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Biculturalism and Architecture in Aotearoa/New Zealand

Biculturalism and Architecture in Aotearoa/New Zealand Europeans have long questioned the relevance and significance of indigenous architecture for contemporary life in Aotearoa/New Zealand. Maori architecture in turn has been influenced from first contact and continues to be shaped and respond to social change. However, there is very little architecture that can be called 'bicultural', other than the so-called Maori church Rangiatea of 1851 and Futuna Chapel over one hundred years later. The architect of Futuna, John Scott, in the Maori Battalion building pointed in possible directions but these were not taken up by the National Museum of New Zealand (Te Papa Tongareva). http://www.deepdyve.com/assets/images/DeepDyve-Logo-lg.png National Identities Taylor & Francis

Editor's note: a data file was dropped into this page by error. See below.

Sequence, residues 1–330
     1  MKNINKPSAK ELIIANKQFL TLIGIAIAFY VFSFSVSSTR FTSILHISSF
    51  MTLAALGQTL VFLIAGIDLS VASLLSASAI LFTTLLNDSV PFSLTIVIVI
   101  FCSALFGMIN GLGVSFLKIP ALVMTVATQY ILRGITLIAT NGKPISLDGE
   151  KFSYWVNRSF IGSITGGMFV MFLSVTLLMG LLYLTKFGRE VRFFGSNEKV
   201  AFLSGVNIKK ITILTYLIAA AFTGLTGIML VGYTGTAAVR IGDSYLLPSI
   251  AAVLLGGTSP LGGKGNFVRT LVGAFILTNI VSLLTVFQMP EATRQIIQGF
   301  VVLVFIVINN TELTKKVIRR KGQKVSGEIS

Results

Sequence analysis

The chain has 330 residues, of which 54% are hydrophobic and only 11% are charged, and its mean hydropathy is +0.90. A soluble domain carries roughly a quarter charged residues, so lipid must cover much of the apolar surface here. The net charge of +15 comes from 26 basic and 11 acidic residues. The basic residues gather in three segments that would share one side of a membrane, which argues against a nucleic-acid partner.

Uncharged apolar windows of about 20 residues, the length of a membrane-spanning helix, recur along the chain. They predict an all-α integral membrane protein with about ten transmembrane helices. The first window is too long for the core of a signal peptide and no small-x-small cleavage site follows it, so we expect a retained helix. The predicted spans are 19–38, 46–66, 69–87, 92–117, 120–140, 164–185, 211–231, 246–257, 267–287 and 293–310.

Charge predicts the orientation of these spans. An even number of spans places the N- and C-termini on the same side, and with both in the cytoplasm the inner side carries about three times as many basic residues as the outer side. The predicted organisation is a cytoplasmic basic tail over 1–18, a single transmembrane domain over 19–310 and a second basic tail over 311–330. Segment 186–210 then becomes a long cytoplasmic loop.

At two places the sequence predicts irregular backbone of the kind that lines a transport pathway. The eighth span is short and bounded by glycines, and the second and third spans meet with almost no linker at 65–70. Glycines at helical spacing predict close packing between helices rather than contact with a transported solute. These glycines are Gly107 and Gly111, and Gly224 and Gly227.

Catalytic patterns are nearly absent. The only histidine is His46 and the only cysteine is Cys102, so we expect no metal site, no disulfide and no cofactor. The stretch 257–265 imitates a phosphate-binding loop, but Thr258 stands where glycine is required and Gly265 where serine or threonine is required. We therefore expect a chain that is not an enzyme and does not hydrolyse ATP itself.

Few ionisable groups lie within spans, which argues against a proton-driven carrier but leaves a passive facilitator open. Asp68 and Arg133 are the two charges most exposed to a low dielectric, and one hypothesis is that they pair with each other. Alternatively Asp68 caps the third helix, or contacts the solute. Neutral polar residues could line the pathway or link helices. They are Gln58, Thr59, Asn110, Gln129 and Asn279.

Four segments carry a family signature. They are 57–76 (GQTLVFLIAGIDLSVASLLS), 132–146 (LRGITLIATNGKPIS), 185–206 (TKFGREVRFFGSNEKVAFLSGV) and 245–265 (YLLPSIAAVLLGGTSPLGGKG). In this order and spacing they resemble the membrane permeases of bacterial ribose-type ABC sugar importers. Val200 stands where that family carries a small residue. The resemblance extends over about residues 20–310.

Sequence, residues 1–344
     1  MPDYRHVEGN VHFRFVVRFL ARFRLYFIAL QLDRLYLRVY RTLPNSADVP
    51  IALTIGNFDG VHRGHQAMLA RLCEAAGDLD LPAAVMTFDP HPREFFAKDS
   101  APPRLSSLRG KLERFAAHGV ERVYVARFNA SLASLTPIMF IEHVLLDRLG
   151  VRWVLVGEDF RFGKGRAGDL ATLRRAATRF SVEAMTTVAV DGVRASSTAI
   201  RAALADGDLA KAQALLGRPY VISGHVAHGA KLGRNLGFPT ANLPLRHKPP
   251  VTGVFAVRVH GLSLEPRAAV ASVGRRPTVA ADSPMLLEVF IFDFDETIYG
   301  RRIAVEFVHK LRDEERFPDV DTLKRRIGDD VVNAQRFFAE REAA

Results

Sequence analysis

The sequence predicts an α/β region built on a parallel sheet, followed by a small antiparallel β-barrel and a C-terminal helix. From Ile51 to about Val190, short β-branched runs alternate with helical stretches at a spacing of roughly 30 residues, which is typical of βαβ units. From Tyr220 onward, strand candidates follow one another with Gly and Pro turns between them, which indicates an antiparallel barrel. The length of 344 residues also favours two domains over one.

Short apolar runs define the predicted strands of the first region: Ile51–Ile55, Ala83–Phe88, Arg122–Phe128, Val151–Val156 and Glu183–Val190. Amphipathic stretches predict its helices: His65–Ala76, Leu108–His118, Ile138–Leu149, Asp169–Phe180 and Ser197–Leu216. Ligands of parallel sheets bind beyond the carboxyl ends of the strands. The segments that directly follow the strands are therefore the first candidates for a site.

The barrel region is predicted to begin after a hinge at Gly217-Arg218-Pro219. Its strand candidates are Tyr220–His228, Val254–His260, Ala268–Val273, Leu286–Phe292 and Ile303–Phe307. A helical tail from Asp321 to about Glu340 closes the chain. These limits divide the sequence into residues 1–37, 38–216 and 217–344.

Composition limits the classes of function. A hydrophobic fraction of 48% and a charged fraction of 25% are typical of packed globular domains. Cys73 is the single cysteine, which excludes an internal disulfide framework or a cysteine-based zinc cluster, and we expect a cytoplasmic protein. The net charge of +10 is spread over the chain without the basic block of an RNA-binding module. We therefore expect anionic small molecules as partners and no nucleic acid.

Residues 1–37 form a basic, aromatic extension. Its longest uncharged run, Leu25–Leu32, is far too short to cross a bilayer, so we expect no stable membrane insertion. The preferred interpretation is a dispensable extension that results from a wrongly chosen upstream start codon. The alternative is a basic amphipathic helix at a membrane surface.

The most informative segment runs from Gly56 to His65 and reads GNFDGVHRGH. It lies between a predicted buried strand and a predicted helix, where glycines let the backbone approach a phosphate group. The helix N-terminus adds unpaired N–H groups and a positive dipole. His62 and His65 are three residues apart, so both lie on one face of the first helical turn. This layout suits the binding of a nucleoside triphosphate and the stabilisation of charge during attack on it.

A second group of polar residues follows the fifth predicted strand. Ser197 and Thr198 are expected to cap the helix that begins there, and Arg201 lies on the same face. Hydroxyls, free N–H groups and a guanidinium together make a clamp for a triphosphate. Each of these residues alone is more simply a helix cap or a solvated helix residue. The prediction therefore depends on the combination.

Biculturalism and Architecture in Aotearoa/New Zealand

National Identities , Volume 5 (1): 14 – Mar 1, 2003
14 pages

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References (26)

Publisher
Taylor & Francis
Copyright
Copyright Taylor & Francis Group, LLC
ISSN
1469-9907
eISSN
1460-8944
DOI
10.1080/14608940307116
Publisher site
See Article on Publisher Site

Abstract

Europeans have long questioned the relevance and significance of indigenous architecture for contemporary life in Aotearoa/New Zealand. Maori architecture in turn has been influenced from first contact and continues to be shaped and respond to social change. However, there is very little architecture that can be called 'bicultural', other than the so-called Maori church Rangiatea of 1851 and Futuna Chapel over one hundred years later. The architect of Futuna, John Scott, in the Maori Battalion building pointed in possible directions but these were not taken up by the National Museum of New Zealand (Te Papa Tongareva).

Journal

National IdentitiesTaylor & Francis

Published: Mar 1, 2003

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